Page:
- Lack of need. The client is not aware of a problem that needs to be solved.
- Lack of urgency. The client is not aware that the problem is pressing.
- Lack of trust. The client feels unsure about your relationship, product, or organization.
- Lack of funds. The client feels that price is an issue.
Start by listening attentively to the objection. Demonstrate your commitment to hearing the client’s concerns with verbal and nonverbal cues. Request to discuss the matter further, and ask questions to uncover the root of the problem. Isolate the core objection and respond with a clear, concise value proposition that appropriately addresses the concern.
Check in with your client to find out if you have sufficiently addressed their concern, and ask how they feel about your solution. Continue to facilitate dialogue with open ended questions until they fully understand and feel satisfied with your solution. Stay positive and remain focused on moving the sale forward.
What’s a Time You Failed Miserably at Something and How Did You Recover?
Interviewers use this question to assess your capacity to recognize your weaknesses and assume responsibility for shortcomings or missteps. Your answer to this question will shed light on your self-awareness, risk tolerance, and coping skills.
When discussing a past failure, contextualize the situation and explain the problem you were tasked with solving. Briefly recount your approach to solving the problem, and note what went wrong and why. Discuss the results of your approach, and own your mistakes. Above all, highlight what you learned from the experience.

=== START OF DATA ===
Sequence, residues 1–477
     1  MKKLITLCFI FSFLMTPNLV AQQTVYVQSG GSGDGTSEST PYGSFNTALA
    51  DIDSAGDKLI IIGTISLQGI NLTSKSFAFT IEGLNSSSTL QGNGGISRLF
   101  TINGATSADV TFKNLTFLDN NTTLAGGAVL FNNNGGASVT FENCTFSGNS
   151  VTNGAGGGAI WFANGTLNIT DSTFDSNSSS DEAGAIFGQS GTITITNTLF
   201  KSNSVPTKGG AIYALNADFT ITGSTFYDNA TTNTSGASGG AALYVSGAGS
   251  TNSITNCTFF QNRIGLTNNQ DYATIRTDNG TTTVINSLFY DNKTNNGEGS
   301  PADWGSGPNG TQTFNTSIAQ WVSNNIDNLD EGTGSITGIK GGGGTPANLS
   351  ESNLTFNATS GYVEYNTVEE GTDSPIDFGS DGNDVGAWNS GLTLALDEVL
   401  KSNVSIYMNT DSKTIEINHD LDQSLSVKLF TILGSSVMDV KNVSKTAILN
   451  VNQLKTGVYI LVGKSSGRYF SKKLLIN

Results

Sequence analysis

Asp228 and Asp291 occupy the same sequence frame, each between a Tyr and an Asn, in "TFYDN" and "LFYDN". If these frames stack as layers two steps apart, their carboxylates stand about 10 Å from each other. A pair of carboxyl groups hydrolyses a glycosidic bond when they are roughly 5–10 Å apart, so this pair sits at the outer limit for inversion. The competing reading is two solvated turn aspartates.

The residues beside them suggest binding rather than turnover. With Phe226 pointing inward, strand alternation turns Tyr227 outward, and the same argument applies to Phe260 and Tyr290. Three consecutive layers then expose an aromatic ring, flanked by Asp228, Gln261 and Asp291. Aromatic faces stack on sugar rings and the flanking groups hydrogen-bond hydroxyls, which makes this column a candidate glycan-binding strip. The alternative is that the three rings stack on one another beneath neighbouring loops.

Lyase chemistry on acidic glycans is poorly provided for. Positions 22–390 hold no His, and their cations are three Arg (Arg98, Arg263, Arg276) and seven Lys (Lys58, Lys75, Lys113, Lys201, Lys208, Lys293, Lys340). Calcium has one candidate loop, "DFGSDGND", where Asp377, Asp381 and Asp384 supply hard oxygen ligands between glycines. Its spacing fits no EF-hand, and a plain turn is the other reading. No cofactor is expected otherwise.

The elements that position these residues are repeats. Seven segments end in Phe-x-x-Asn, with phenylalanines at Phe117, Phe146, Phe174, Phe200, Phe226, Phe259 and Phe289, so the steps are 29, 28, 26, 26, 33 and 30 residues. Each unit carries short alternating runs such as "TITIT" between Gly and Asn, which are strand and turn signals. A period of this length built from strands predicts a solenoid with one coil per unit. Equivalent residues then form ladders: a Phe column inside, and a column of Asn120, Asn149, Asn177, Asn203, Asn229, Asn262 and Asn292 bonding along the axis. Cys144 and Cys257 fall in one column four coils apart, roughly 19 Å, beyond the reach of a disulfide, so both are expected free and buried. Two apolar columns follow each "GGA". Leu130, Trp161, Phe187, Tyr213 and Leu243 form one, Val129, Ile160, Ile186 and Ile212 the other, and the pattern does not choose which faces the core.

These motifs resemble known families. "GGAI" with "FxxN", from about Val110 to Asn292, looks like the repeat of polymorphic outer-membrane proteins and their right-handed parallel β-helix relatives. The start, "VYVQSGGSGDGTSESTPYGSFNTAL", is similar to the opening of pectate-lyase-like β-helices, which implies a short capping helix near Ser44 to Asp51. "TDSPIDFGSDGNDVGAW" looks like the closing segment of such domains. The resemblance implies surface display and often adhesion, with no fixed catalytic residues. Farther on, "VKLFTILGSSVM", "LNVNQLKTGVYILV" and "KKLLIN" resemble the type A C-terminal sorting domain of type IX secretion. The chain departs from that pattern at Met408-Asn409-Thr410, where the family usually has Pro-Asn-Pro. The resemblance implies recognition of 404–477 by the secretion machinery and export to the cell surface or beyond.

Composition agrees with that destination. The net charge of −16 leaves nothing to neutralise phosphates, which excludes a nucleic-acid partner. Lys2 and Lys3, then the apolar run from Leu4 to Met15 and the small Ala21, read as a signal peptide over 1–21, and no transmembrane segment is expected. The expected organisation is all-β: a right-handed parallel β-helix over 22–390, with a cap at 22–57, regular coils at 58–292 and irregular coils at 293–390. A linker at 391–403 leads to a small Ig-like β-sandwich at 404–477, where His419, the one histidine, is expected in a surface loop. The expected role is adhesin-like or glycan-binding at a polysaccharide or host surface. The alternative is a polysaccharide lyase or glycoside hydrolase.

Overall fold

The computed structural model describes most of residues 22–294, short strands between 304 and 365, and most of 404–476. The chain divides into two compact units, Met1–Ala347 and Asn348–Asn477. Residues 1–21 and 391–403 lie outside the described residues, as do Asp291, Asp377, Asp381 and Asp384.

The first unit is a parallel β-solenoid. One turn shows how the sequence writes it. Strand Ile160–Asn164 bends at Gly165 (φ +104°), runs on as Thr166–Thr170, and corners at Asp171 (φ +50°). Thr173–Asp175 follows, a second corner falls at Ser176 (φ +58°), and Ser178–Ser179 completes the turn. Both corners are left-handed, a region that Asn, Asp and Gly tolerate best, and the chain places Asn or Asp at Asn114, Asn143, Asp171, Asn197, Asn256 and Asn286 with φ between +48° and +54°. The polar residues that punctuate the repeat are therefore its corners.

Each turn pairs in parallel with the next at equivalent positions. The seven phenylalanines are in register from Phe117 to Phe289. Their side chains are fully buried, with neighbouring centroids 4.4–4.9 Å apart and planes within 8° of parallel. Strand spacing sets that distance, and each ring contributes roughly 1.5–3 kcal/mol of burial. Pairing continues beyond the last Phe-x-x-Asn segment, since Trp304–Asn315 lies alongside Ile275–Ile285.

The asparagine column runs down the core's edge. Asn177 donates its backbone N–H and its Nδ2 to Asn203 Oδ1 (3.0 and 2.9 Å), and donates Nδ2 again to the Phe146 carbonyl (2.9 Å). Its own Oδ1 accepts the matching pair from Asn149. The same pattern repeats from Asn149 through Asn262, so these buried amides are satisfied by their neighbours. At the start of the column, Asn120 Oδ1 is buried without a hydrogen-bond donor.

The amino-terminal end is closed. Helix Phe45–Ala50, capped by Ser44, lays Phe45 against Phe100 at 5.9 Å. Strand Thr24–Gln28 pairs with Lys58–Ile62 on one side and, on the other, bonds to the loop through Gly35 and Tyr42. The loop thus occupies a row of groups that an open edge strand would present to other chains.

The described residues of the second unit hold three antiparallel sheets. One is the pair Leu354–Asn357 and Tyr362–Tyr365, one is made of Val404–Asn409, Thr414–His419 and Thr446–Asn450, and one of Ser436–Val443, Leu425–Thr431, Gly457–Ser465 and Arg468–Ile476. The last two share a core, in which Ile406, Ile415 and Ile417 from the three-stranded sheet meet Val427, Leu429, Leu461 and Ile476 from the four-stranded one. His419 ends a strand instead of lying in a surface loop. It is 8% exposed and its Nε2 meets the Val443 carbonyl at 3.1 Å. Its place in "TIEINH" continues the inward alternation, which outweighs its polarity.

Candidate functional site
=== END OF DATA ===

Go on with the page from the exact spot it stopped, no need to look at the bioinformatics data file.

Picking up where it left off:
What Do You Know About Our Company?
This question is more than a simple check to see if you did your research. Hiring managers want to know why you would be the right fit for their company in particular. Use your answer to demonstrate how your skills and strengths meet the organization’s needs. This is also an opportunity to demonstrate how your values align with the company’s mission and culture.
Be prepared to discuss recent acquisitions, company leadership, and any significant hires who inspire you. Show that you have a finger on the pulse of company news, especially in the context of developments within their target market. With each point, you make, be sure to emphasize how your experience, personality, and passions dovetail with the company’s goals and values.
What Do You Know About Our Product(s)?
Hiring managers will use this question to assess your ability to sell. To show that the product motivates you to sell, your answer should be framed as a value proposition that would convince a prospect to purchase the product.
Focus on what the product provides, who the product is designed to serve, and the unique ways in which the product addresses buyer pain points (and eclipses competitor products). Use quantifiable metrics, and illustrate how the product embodies the values of the company.
What Are Three Qualities Every Salesperson Should Have?
Hiring managers will use this question to learn more about your approach to the sales process. Your answer will shed light on how you operate, so emphasize traits that correlate with specific, sought-after sales skills that add tangible value.